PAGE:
Redoubtable Chicagoan (or is that redundant?) MK points out a Slate feature on “24.” It’s an interview with one of the show’s writers on the many TV story-telling envelopes the series is pushing. All fine. The show’s central conceit, that the story is taking place in real time during the course of a single day (divided into two dozen advertiser-friendly weekly episodes) is unique. But that’s not news. What is noteworthy, Slate writer James Surowiecki suggests, is the staying power of “24” long after the audience has gotten used to the show’s terrorist spectaculars and remorselessly pounding clock. The explanation, Surowiecki says, lies in factors like the “political and even moral depth” that world events have lent the production. And of course we shouldn’t overlook “Kiefer Sutherland’s exceptional work as Jack Bauer.”
It’s perplexing. On one hand, you wonder if Surowiecki’s ever watched the show. If he has, where did he spot all the excellent acting and writing he’s talking about? But he has watched the show — the interview he conducts comes off as the work of a “24” junkie. He asks the writer Michael Loceff, with an apparently straight face, “How much work do you put into making the show realistic? There seem to be times when realism and drama inevitably come into conflict.”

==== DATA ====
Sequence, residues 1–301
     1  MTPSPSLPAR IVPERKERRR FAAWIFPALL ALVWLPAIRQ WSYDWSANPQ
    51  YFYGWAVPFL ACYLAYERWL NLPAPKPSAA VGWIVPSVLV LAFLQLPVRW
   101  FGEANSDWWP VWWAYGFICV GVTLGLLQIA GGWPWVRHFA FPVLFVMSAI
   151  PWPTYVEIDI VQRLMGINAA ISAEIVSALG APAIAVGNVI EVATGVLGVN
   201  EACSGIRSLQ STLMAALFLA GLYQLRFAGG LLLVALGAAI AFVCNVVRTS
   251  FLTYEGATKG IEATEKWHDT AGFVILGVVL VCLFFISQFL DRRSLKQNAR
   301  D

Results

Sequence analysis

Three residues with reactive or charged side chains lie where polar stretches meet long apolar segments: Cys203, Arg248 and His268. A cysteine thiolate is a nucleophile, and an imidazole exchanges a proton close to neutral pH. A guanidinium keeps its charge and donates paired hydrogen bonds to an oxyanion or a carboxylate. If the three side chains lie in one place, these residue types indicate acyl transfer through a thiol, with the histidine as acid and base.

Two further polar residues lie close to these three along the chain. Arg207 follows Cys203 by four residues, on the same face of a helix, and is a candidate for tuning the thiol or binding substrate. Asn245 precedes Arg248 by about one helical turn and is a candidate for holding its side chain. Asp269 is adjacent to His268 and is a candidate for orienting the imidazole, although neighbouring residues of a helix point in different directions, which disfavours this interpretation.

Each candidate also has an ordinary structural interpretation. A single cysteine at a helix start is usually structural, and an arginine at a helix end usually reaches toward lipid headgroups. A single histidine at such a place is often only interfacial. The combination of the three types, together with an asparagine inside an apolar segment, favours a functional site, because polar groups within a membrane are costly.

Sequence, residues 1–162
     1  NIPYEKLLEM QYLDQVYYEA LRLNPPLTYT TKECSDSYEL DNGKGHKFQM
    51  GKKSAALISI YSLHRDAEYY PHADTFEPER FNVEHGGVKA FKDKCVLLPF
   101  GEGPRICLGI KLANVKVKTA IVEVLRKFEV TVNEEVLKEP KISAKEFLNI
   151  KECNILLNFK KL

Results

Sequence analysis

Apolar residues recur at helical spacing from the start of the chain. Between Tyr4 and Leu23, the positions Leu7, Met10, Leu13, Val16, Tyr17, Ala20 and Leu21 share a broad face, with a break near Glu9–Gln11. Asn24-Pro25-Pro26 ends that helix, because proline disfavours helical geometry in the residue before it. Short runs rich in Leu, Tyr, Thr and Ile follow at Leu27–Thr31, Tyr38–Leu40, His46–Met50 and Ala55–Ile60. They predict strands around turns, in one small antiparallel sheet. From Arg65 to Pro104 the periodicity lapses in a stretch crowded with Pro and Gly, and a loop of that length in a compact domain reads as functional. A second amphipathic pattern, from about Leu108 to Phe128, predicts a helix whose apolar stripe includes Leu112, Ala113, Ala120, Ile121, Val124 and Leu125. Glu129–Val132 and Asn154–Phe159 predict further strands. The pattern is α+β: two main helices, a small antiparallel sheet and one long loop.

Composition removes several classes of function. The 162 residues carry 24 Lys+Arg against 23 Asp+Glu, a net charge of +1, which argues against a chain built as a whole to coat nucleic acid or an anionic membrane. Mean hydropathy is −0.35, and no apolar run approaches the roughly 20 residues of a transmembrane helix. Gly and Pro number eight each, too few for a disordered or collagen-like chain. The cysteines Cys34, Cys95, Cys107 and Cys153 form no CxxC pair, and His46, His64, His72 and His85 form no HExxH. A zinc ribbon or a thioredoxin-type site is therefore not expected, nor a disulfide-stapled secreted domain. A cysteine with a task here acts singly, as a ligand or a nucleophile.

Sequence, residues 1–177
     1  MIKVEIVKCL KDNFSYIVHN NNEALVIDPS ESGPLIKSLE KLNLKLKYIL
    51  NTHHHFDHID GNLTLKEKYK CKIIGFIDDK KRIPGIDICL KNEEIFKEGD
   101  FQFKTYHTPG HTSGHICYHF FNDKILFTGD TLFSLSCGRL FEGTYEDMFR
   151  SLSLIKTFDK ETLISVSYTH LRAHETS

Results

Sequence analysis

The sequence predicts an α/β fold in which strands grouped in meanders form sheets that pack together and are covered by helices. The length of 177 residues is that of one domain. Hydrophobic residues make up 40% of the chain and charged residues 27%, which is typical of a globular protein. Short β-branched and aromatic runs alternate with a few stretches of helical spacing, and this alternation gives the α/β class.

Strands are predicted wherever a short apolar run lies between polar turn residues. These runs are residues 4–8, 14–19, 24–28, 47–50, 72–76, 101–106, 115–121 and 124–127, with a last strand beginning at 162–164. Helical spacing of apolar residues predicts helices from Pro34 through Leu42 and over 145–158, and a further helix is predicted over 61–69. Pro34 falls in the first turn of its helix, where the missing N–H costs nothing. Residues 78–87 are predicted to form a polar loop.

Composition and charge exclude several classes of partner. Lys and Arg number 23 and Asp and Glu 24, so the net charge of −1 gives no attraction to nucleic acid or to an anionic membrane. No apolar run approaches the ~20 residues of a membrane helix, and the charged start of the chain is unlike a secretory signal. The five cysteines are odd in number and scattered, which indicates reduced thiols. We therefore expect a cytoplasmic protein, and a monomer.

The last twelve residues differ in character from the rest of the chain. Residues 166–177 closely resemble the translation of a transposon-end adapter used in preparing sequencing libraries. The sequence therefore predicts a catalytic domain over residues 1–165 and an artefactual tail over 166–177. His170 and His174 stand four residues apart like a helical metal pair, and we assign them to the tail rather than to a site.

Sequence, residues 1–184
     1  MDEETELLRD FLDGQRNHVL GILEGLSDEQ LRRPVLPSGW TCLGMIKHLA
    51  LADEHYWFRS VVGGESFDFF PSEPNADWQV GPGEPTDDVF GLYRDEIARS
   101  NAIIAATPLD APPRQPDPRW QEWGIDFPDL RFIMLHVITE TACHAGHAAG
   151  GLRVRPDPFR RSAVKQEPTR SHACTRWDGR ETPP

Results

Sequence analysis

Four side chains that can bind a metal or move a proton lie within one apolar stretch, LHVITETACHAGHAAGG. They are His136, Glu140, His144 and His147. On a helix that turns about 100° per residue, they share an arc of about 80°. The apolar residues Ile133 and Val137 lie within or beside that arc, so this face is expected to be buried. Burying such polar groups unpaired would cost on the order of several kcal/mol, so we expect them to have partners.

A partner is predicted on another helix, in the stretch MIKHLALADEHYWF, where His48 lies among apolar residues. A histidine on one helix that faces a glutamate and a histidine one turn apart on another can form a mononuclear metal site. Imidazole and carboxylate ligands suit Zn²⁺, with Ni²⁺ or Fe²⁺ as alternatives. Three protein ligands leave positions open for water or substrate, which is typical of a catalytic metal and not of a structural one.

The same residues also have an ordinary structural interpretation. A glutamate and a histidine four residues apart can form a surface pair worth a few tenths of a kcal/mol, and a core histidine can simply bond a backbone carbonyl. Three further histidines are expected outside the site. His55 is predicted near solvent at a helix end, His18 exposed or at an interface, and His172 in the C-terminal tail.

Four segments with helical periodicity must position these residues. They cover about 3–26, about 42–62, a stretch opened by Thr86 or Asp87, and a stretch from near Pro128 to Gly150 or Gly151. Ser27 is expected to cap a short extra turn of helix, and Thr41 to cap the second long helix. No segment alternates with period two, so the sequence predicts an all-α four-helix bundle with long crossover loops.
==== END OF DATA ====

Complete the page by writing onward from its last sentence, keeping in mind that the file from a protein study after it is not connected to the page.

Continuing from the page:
There seem to be times? Yes, whenever a character says or does just anything more complex than start a car. The only reason I can imagine that anyone would suggest that “24” has anything serious to say about the world we live in is that produces high ratings. But the Nielsen numbers don’t make the show deep or serious any more than Bush getting re-elected transforms him smart or wise.
As for Kiefer Sutherland’s “exceptional” acting — if you’re looking for an unregenerate hard-ass, I’ll take R. Lee Ermey any day — here’s a Jack Bauer drinking game (don’t blame me for the cirrhosis): Down a shot (whatever you prefer to guzzle) every time Jack screams, “No-o-o-o-o!” A shot every time he shouts. “Do it!” or some variation on that. A shot every time he threatens to rough up someone who’s not fully cooperatng with him; a double-shot every time he follows through on the threat.
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